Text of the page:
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  • THE DEPARTURE - Ittetsu

    The subject of Lana Wilson’s documentary The Departure, Ittetsu Nemoto is a fascinating individual. The former rebel-turned-Buddhist priest has made it his life’s work to personally help people who want to kill themselves. Because he cannot turn anyone down when they call or text him—and because suicide is rampant in Japan—the 44-year old’s own health has been terribly compromised. This impressionistic portrait of a heroic yet flawed character is meditative and often quite beautiful, as befitting its extraordinary subject and his environment.

    At the monastery where he lives with his wife and young children, we see Nemoto welcome visitors to the Departure, a retreat specifically geared to help people who are contemplating suicide. He does this by having them “experience” death; we see a small part of the process, which involves writing down things they’re leaving behind and crumpling up these pieces of paper one by one until nothing is left. The idea is to find something worth living for. Later in group discussions, the participants discuss their feelings. It’s interesting that so many utterly despondent people have allowed themselves to be filmed. On the other hand, suicide has a long tradition of honor (kamikaze pilots, the ritual of seppuku) in Japan, so there’s probably less shame attached to it.  This may make people more open about their feelings, but also guarantees that Nemoto is seriously overworked.


    The film shows him riding his motorcycle to meet with the various people who call or text his personal “hotline,” including a visit with a young woman whose grandfather thinks she should be “stronger” and a series of interactions with a man who is depressed over losing custody of his children. Nemoto is a comforting presence, listening carefully and offering various ideas to guide them through their crises, without judging or promising easy solutions. With groups, he uses art, movement, theater games and other forms of expression; as he says, there is no one right way to help. After each encounter with a potential suicide, he is clearly drained, but, as he explains in voice-over, he feels responsible for these people. His calendar is booked solid and he won’t turn anyone away.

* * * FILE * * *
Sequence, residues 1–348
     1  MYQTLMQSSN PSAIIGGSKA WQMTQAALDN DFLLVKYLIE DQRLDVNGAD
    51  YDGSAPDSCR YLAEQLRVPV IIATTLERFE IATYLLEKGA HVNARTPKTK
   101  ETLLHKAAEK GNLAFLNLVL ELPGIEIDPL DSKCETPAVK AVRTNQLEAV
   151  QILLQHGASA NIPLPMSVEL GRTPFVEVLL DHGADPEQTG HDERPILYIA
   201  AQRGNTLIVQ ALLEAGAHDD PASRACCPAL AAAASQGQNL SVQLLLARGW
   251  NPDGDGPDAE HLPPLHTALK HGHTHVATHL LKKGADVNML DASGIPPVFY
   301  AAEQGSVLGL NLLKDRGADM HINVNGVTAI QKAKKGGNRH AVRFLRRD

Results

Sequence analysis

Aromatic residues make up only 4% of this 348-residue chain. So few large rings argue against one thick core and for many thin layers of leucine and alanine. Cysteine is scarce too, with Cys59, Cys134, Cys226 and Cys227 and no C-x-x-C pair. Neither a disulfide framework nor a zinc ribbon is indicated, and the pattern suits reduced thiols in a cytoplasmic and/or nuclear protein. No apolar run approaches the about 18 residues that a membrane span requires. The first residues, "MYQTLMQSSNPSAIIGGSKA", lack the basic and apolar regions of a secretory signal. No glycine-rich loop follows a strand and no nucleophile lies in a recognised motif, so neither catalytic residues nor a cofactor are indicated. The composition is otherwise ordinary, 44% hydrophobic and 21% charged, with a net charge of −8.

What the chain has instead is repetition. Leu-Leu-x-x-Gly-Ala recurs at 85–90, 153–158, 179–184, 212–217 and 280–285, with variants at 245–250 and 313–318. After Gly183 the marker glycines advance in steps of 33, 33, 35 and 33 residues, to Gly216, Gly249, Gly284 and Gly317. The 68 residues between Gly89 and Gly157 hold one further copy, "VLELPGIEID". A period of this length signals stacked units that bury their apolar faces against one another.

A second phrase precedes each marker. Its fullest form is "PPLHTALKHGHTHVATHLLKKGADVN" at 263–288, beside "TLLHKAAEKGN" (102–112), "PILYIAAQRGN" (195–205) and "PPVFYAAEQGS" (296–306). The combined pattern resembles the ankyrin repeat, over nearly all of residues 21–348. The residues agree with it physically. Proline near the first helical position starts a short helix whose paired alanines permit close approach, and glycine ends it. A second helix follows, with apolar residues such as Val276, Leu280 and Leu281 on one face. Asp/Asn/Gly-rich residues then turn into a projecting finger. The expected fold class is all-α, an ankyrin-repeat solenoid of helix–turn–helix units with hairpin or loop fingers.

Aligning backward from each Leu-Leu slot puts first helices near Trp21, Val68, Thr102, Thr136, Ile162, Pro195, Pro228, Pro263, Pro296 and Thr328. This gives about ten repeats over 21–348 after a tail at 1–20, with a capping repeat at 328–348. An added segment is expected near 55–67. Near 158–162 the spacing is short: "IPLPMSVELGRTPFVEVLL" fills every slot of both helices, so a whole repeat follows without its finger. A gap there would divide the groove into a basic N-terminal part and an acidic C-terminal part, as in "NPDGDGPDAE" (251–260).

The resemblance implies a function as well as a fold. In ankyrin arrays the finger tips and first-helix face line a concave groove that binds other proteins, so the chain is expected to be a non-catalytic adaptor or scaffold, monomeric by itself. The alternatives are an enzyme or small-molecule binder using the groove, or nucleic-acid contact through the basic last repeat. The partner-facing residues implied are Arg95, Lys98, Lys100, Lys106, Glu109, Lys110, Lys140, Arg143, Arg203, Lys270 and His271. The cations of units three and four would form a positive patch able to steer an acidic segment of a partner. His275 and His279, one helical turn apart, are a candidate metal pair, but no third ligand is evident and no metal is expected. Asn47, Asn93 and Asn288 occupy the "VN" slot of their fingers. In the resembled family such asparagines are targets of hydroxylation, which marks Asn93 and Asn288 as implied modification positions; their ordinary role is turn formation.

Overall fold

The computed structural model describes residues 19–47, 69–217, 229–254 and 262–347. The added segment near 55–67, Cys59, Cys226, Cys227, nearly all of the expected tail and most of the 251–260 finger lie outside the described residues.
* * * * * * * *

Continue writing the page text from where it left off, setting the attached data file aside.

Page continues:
Later, his exhaustion takes on deeper meaning as we see him undergoing tests in a hospital. Though relatively young, he has major cardiac and pulmonary issues, exacerbated by the stress of his work. The irony of the fact that he’s killing himself in a way is not lost on us or on him. At one point, he wonders if he is a hypocrite.

    THE DEPARTURE - Ittetsu-Woman

    We learn about the people in his early life who committed suicide, and how this led to his current mission. He also talks about his rebellious youth, which involved playing in rock bands, heavy partying and picking fights. A near-fatal motorcycle accident at age 24 led to both his marriage and the priesthood. Though he has clearly evolved in a big way, he still drinks and goes out dancing in clubs—which seem to offer a release from his grueling work, even as they contribute to his deteriorating health. Though his wife pleads with him to “stay healthy for another 20 years” for the sake of his son, she seems resigned to her husband’s way of life.

    The Departure offers no easy answers or platitudes, just an indelible portrayal of someone who gives 100% no matter what the cost. Though it is frustrating to watch such a valiant human being deplete himself, it’s inspiring to witness his selflessness. In these egocentric times especially, Ittetsu Nemoto is the rarest of gems.

    The Departure opens on Friday, Oct. 13, at the Metrograph Theater.

    Marina Zogbi

  • Twain, Mt. Davidson